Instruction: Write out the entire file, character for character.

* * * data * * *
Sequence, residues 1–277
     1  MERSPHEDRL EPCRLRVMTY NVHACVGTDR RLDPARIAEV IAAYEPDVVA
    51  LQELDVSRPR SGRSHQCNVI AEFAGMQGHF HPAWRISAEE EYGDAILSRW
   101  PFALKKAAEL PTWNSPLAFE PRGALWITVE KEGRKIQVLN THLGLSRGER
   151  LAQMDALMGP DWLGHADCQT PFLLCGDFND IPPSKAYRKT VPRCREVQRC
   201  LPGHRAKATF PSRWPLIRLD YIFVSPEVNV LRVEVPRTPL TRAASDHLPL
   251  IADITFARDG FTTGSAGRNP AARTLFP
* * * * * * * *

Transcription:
Sequence, residues 1–277
     1  MERSPHEDRL EPCRLRVMTY NVHACVGTDR RLDPARIAEV IAAYEPDVVA
    51  LQELDVSRPR SGRSHQCNVI AEFAGMQGHF HPAWRISAEE EYGDAILSRW
   101  PFALKKAAEL PTWNSPLAFE PRGALWITVE KEGRKIQVLN THLGLSRGER
   151  LAQMDALMGP DWLGHADCQT PFLLCGDFND IPPSKAYRKT VPRCREVQRC
   201  LPGHRAKATF PSRWPLIRLD YIFVSPEVNV LRVEVPRTPL TRAASDHLPL
   251  IADITFARDG FTTGSAGRNP AARTLFP